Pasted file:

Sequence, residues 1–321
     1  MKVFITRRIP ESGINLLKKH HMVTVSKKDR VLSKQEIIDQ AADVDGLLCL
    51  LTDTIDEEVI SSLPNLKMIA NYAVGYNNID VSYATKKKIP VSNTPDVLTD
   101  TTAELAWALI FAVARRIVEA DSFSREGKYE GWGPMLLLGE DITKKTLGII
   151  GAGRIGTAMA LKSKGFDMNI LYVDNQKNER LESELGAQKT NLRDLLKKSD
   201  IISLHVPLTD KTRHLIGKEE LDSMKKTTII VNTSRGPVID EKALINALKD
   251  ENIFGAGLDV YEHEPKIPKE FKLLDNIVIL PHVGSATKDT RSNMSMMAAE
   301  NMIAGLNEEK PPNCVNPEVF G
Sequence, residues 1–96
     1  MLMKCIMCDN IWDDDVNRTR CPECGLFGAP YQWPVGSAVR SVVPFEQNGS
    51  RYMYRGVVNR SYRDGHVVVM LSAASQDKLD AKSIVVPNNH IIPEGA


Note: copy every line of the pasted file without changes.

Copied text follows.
Sequence, residues 1–321
     1  MKVFITRRIP ESGINLLKKH HMVTVSKKDR VLSKQEIIDQ AADVDGLLCL
    51  LTDTIDEEVI SSLPNLKMIA NYAVGYNNID VSYATKKKIP VSNTPDVLTD
   101  TTAELAWALI FAVARRIVEA DSFSREGKYE GWGPMLLLGE DITKKTLGII
   151  GAGRIGTAMA LKSKGFDMNI LYVDNQKNER LESELGAQKT NLRDLLKKSD
   201  IISLHVPLTD KTRHLIGKEE LDSMKKTTII VNTSRGPVID EKALINALKD
   251  ENIFGAGLDV YEHEPKIPKE FKLLDNIVIL PHVGSATKDT RSNMSMMAAE
   301  NMIAGLNEEK PPNCVNPEVF G
Sequence, residues 1–96
     1  MLMKCIMCDN IWDDDVNRTR CPECGLFGAP YQWPVGSAVR SVVPFEQNGS
    51  RYMYRGVVNR SYRDGHVVVM LSAASQDKLD AKSIVVPNNH IIPEGA